[Ads-l] a "won't you come up to Limerick" proposed event, 1879

Jonathan Lighter wuxxmupp2000 at GMAIL.COM
Wed Oct 28 10:16:51 EDT 2020


"LImerick rhyme" is the missing link! Congratulations on unearthing it,
Stephen!

I'm struck by the word "erotic."  The sub rosa magazine "The Pearl" was
being published in 1879 and included erotic limericks under the rubric of
"Nursery Rhymes."

JL

On Wed, Oct 28, 2020 at 4:39 AM Stephen Goranson <goranson at duke.edu> wrote:

> And, a few days later, comes news of another, slightly later, 1879
> relevant usage. From Doug Harris:
>
> The Oxford and Cambridge Undergraduate's Journal, Thurs, Nov. 20, 1879,
> 110/2:
>
> [...]nobody can be sulky when the songs have begun...and when every soul
> has contributed his humble mite to that great resource of inventive
> talent--the Limerick rhymes."
>
> Stephen Goranson
>
>
> https://books.google.co.uk/books?id=Hh8PAQAAMAAJ&pg=PA110&dq=%22limerick+rhymes%22&hl=en&sa=X&ved=2ahUKEwiNn66FydLsAhWmUxUIHbgNA1oQ6AEwAnoECAEQAg#v=onepage&q=%22limerick%20rhymes%22&f=false
> ________________________________
> From: American Dialect Society <ADS-L at LISTSERV.UGA.EDU> on behalf of
> Stephen Goranson <goranson at DUKE.EDU>
> Sent: Saturday, October 24, 2020 12:16 PM
> To: ADS-L at LISTSERV.UGA.EDU <ADS-L at LISTSERV.UGA.EDU>
> Subject: a "won't you come up to Limerick" proposed event, 1879
>
> Sporting Notes (also sometimes called The Pink 'un), London, issue 805,
> Sat. Feb. 22, 1879, 1/2:
>
> Labby, love, doesn't it seem to you that your acquaintance with nursery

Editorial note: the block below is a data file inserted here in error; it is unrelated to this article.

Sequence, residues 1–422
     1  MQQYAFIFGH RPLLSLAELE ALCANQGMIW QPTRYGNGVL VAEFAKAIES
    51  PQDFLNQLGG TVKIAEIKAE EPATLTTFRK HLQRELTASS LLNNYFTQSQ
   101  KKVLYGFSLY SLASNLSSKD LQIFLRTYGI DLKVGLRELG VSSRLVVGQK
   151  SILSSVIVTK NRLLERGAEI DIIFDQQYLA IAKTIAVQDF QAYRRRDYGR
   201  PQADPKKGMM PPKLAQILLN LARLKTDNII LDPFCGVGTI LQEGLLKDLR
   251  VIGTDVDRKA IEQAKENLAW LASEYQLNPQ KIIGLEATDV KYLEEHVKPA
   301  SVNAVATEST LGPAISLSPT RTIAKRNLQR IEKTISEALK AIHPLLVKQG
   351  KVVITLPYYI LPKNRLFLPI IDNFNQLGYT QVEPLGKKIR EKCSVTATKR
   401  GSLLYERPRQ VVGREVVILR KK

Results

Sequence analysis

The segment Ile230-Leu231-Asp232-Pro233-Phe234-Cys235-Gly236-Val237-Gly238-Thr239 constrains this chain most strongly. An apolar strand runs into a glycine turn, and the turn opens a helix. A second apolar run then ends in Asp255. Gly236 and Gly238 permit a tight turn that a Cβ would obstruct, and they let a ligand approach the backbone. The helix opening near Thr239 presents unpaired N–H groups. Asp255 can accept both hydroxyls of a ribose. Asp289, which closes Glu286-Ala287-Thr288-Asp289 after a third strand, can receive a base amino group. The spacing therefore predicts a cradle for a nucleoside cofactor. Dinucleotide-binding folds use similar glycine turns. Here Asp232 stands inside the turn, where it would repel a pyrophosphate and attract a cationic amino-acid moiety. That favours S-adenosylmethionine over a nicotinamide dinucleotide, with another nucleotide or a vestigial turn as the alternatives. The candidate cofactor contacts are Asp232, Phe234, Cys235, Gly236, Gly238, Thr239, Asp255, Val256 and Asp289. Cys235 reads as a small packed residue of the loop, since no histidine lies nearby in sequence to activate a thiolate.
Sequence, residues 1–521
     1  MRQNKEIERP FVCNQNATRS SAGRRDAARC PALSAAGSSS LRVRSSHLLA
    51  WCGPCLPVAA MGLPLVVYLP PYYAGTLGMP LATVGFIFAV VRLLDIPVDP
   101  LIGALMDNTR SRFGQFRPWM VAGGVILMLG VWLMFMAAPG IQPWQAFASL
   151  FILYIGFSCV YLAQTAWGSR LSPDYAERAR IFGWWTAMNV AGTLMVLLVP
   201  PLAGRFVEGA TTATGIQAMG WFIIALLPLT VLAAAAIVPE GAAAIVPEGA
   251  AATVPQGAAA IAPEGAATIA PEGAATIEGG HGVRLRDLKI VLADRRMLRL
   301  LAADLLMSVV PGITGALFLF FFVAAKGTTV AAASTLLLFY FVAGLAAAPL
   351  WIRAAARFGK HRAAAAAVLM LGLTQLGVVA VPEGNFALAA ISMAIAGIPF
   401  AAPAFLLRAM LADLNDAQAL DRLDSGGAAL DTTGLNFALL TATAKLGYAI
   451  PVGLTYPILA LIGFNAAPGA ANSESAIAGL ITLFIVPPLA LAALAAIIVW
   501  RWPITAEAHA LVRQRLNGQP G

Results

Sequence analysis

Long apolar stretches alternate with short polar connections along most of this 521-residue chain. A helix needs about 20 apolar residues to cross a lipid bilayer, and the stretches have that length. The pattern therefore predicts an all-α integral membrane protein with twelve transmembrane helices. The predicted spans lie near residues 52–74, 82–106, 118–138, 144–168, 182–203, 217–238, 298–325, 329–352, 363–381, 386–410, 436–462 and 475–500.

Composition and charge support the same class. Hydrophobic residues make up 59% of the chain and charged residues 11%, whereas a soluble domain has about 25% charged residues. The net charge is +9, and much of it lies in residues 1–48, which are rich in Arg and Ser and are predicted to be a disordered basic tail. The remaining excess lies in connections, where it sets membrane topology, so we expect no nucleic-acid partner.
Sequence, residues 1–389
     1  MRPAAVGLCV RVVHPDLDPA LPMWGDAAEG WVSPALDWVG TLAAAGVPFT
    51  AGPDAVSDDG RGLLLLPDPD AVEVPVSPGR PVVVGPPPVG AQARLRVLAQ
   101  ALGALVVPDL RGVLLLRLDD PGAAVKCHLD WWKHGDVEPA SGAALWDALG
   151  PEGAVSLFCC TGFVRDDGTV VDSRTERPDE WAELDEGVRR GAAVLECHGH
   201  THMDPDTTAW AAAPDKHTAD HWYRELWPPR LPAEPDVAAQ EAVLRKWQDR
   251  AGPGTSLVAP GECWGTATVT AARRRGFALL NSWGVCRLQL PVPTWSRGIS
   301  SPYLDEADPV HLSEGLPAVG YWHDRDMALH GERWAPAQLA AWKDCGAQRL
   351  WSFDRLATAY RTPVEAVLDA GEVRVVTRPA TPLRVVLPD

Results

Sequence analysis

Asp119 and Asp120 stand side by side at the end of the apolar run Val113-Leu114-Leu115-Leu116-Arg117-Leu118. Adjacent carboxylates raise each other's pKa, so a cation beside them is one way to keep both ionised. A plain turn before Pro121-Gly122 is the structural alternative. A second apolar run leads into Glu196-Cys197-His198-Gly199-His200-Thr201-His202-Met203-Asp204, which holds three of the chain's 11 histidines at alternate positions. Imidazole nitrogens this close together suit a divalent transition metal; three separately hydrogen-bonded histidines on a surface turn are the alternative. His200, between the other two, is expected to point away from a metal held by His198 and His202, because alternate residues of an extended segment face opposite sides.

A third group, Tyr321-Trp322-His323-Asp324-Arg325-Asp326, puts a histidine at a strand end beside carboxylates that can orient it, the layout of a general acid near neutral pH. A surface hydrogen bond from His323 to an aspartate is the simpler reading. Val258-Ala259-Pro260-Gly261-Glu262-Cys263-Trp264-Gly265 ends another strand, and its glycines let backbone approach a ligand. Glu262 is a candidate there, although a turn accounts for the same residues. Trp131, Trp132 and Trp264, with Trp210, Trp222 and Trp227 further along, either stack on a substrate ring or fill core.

> rhymes of an erotic character is very great? Because it does to us. You
> would be a good man at roundabout. You had better bring over all your staff
> (except Miss Cobbe) here some fine Friday, and we will have a won't you
> come up, come up, oh, won't you come up to Limerick, oh, won't you come up,
> come up, oh _won't_ you come to Limerick, of a high order. We'll have that
> Bishop who maligned you in the _Guardian_ in the chair.
>
> S. Goranson
>
> Recall, among others, 1880 uses noted here of:
>
>
> There was a young rustic named Mallory
>
> Who earned but a very poor salary.
>
> He went to the show,
>
> But his purse was so
>
> That he sat in the uppermost gallery.
>
> Tune: wont you come [up] to Limerick
>
>
> and
>
>
> https://urldefense.com/v3/__https://languagelog.ldc.upenn.edu/nll/?p=31647__;!!OToaGQ!5Zyh7DmVTVMO0t7ZmS1Mp9fVv2kqurJJ-WUe6JLAbQFZoTHO-3n5C_psKefdFBMX$
> Language Log ยป Limerick Poems and Civil Wars<
> https://urldefense.com/v3/__https://languagelog.ldc.upenn.edu/nll/?p=31647__;!!OToaGQ!5Zyh7DmVTVMO0t7ZmS1Mp9fVv2kqurJJ-WUe6JLAbQFZoTHO-3n5C_psKefdFBMX$
> >
> 26 Comments Robert Coren said, March 18, 2017 @ 9:42 am In my personal
> opinion, the limerick cited at the head of this article would scan slightly
> better (and make a little more sense, if anyone cares) if the fourth line
> were "But his purse was so low".
> languagelog.ldc.upenn.edu
>
>
>
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>
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